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Prescribed Information Needed for Tenancy Deposit Schemes
A recent Court of Appeal decision acts as an important reminder that a landlord must actually give a tenant all the information prescribed by a tenancy deposit scheme (TDS) and that it is not enough that the information is freely and easily available.
In Ayannuga v Swindells the landlord had placed the deposit in a TDS. The tenant fell into arrears and the landlord sought possession. The tenant asserted that the landlord had not complied with paragraphs 2(1)(c) to (f) of the Housing (Tenancy Deposits) Prescribed Information Order 2007.
The tenancy agreement dealt with the return of the deposit. As a result, the landlord argued that he had complied with paragraphs 2(1)(c) and (d) advising the tenant of:
- The procedures to repay the tenant at the end of the tenancy.
- The procedures where the landlord or tenant cannot be contacted.
He admitted that he had failed to comply with paragraphs 2(1)(e) and (f) and provide the tenant with details of:
- The procedures applicable when the amount to be repaid is disputed.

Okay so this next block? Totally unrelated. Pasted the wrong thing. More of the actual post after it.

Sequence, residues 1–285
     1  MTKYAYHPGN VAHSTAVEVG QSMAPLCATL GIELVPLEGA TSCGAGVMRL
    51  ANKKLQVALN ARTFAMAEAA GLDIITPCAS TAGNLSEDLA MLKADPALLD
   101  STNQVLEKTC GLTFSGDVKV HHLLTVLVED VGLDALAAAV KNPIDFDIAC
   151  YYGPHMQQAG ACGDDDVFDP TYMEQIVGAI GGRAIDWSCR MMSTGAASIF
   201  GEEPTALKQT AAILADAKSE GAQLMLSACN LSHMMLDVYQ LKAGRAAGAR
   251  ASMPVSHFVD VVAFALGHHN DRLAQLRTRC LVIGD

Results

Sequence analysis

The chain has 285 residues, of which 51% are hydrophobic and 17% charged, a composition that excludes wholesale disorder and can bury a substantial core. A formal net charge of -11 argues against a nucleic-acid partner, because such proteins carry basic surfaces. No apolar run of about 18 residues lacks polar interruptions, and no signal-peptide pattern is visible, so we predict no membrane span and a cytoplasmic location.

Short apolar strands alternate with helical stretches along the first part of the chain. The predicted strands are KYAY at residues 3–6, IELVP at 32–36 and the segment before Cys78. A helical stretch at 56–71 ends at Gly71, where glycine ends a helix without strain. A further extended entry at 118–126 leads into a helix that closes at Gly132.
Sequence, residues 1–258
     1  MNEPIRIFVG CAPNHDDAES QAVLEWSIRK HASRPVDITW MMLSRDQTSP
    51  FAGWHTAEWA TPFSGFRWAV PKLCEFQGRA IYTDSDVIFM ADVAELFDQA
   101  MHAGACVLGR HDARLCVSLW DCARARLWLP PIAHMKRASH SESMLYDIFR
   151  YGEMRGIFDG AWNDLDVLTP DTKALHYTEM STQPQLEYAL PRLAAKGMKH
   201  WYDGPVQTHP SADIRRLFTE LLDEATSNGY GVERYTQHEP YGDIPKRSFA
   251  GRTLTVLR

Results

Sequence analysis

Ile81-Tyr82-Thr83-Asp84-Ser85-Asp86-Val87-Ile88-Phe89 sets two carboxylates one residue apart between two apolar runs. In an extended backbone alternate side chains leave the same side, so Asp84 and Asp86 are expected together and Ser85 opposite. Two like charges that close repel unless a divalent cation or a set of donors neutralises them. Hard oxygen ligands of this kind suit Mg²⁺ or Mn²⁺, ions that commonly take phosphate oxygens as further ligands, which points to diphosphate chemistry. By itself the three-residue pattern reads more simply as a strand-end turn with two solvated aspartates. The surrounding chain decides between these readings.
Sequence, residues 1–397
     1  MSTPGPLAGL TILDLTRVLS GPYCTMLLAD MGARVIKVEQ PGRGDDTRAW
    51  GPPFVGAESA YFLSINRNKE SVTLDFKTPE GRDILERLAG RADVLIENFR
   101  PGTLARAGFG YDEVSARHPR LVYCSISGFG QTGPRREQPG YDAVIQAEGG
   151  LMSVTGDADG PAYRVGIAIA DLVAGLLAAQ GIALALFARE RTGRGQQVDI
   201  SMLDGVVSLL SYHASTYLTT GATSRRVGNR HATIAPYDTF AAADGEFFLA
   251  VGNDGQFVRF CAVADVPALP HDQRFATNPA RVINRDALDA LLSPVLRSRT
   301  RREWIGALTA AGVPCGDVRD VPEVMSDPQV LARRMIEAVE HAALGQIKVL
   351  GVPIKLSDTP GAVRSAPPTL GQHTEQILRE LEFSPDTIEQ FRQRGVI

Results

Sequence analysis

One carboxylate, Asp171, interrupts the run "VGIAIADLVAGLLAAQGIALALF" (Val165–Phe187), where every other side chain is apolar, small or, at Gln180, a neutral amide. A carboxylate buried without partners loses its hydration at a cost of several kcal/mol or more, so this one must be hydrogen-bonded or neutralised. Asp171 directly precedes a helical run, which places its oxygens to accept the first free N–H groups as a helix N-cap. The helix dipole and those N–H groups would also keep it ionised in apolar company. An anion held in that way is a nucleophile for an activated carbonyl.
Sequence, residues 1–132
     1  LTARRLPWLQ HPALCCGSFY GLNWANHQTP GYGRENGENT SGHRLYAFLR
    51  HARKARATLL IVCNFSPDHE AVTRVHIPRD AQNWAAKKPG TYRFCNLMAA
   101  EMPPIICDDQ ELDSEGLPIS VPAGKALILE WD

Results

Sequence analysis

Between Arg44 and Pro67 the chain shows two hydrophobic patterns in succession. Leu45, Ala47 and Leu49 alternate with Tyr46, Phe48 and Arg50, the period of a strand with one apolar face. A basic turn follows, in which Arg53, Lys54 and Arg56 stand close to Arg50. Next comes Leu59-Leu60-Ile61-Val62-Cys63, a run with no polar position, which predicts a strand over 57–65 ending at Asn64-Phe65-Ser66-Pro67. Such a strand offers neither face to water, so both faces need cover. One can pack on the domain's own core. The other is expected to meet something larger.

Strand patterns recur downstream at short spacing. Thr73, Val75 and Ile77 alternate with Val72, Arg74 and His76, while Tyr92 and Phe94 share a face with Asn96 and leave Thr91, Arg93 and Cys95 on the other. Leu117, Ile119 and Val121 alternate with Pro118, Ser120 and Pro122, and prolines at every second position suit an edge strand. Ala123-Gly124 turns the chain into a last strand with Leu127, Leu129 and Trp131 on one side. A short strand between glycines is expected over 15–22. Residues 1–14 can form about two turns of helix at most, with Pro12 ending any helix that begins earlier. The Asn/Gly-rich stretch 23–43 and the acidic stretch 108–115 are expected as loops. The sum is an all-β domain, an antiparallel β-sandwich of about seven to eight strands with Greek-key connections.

- The facilities for dealing with a dispute without litigation.
However, as this information was available on the TDS website, the landlord argued that, as the information was available, those paragraphs were largely procedural. The aim of the legislation was to protect deposits and that had been done.
The court found that:
- The requirements of paragraphs 2(1)(c) to (d) had not been satisfied. Whilst the tenancy agreement addressed the return of the deposit, it made no mention of the relevant procedures under the TDS.
- Paragraphs 2(1)(e) and (f) were more than matters of procedure and the legislation clearly specified that the landlord must provide the tenant with the information. The aim of the legislation was not only to protect the deposit but to encourage the resolution of disputes concerning deposits.
The landlord was as a result prejudiced, emphasising the importance of the prescribed information and the need for landlords to be meticulous when giving that information to tenants.
Posted on 06/02/2013 by Pam Bowring
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